'It's so important to allow brilliant people in Africa to thrive'
May was a momentous month for advanced scientific research and training in South Africa. Eminent theoretical physicist Stephen Hawking, Nobel laureates David Gross and George Smoot, and Nasa administrator Michael Griffin came to South Africa, all on their first science trip to Africa. The occasion included two significant events.
First, there was the launch of the African Institute for Mathematical Sciences (Aims) Research Centre, an extension to the existing postgraduate training programme in mathematical sciences in Muizenberg and the planned expansion of Aims to 15 other related centres across Africa within the next five years.
This expansion is called the Einstein Initiative and seeks to recruit and nurture the brightest maths and science graduates on the African continent.
Second, was the launch of the National Institute for Theoretical Physics at the Stellenbosch Institute for Advanced Study. The establishment and funding of the two research centres have rightly had the backing of the Department of Science and Technology, the minister of which, Mosibudi Mangena, was present at the launches.
While the two centres (and the expansion of Aims) are greatly needed for science in South Africa, they come at a time of a serious plague to science development in South Africa. Science education in our schools is ill-equipped, poorly funded and short-staffed.
This leads to poor science and maths matric results. African countries with GDPs much lower than this country do better in placing their students in research training programmes in South Africa.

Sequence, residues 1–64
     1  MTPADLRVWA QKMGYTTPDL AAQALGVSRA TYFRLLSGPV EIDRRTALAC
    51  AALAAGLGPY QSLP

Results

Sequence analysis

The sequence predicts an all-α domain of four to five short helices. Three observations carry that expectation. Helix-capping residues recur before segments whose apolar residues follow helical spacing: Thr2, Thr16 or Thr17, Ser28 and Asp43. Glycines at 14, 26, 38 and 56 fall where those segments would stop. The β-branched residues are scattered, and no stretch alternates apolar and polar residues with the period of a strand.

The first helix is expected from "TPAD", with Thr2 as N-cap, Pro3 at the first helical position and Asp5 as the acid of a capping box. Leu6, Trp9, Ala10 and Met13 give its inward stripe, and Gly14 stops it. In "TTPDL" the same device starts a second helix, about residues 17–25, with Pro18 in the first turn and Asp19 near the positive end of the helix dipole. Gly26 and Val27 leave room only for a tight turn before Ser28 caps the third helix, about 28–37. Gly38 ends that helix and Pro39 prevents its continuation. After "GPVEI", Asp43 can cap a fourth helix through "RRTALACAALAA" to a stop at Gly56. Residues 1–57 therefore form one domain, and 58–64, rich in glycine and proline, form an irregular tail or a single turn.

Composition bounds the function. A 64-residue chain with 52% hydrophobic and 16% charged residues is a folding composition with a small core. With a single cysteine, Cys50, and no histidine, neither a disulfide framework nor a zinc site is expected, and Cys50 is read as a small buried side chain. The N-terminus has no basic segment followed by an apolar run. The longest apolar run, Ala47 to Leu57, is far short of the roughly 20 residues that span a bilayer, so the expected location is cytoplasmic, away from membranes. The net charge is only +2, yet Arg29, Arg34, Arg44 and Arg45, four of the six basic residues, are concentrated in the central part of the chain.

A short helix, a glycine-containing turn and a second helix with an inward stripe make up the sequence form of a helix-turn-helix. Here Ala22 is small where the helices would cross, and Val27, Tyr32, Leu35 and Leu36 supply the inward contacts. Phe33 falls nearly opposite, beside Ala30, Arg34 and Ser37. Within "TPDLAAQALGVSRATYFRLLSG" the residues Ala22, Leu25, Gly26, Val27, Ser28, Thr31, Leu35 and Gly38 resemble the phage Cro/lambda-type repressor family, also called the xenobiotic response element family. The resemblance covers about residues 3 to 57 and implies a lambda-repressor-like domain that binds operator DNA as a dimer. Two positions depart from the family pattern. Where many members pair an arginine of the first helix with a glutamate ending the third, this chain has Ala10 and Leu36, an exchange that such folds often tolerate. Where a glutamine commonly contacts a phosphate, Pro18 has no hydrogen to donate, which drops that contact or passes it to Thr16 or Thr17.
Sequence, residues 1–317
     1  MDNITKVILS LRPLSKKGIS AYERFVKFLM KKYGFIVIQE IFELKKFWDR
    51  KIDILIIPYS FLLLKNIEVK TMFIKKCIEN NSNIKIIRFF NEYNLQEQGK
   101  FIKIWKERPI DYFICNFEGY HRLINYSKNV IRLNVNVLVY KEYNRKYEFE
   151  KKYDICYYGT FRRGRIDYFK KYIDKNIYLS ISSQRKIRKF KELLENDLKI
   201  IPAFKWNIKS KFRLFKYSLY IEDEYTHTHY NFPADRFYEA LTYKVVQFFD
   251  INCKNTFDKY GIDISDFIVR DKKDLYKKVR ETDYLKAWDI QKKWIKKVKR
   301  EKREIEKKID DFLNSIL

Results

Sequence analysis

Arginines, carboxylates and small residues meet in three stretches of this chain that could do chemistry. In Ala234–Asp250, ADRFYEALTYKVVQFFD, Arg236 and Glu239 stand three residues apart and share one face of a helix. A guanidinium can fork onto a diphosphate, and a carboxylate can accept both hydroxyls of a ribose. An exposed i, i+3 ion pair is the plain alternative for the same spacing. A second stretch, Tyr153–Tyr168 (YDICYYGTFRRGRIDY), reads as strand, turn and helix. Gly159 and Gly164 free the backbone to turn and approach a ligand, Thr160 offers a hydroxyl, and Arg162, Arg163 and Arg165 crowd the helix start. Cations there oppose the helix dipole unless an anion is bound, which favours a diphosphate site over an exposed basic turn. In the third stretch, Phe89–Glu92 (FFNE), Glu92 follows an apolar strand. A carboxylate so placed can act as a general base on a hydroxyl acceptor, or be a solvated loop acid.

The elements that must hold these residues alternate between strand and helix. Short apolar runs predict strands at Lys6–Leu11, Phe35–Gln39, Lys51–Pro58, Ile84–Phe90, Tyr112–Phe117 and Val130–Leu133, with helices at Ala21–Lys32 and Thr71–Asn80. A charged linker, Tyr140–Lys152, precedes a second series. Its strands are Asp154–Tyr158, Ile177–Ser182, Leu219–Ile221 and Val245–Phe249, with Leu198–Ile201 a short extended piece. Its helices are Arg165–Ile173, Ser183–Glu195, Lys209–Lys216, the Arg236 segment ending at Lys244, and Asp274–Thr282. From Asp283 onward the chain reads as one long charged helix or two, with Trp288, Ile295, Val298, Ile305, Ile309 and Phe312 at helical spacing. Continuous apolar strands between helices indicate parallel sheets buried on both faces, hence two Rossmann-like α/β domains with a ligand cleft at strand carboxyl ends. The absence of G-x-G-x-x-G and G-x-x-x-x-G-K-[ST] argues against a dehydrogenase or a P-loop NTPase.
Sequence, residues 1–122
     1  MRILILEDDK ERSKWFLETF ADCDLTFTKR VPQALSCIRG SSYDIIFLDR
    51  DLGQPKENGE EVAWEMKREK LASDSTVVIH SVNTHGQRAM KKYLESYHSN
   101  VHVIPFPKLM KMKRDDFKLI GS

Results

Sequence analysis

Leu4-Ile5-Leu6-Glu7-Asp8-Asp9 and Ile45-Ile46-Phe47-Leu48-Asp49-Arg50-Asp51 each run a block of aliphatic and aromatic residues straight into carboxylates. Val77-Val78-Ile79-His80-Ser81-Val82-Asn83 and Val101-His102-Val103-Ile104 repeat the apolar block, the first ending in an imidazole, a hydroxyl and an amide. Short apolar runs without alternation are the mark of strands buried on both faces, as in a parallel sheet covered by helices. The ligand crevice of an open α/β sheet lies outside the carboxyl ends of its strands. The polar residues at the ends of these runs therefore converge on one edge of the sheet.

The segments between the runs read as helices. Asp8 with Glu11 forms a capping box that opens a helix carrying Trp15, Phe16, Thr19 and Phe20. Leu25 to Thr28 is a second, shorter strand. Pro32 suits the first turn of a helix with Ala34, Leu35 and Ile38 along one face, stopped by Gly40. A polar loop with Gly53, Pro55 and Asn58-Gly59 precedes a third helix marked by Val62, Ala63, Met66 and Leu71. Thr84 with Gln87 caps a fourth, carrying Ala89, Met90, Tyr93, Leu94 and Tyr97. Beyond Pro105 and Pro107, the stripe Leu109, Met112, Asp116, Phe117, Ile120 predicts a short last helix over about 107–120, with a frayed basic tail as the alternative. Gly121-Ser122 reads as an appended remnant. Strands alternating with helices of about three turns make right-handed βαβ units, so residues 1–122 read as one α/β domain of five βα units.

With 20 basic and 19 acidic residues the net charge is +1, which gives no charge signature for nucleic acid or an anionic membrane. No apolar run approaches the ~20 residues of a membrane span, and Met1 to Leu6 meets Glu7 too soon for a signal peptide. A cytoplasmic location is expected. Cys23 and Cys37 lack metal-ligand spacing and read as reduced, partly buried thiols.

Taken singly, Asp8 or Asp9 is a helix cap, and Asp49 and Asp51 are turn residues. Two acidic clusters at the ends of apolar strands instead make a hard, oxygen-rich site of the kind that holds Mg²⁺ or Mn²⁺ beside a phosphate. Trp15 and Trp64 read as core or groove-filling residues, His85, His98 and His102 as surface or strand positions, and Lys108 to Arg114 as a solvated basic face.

Aims’s goal is to nurture the next Einstein in Africa. But our government, private sector and influential citizens have not prioritised dealing with the problems that stand in that Einstein’s way. There are some small-scale government-supported initiatives to promote science at high school level (exhibitions or talks that tour the country for a few days or weeks a year), but this is not enough. Support for maths and science in South African schools should be long term and sustained.
A lesson to be learned from the launch of the centres and the eminent scientists who came to support them is to realise the importance of such places. We should open similar maths and science centres of excellence at high school and lower levels.
One or two such centres could be built in each province. This endeavour will need support from the department of education and the private sector. An example is the Dinaledi Maths and Science Initiative, a partnership between government and the private sector, which started in 102 schools. Now 500 schools are involved.
As cosmologist and Aims founder Neil Turok said: “It’s so important to allow brilliant people in Africa to thrive.”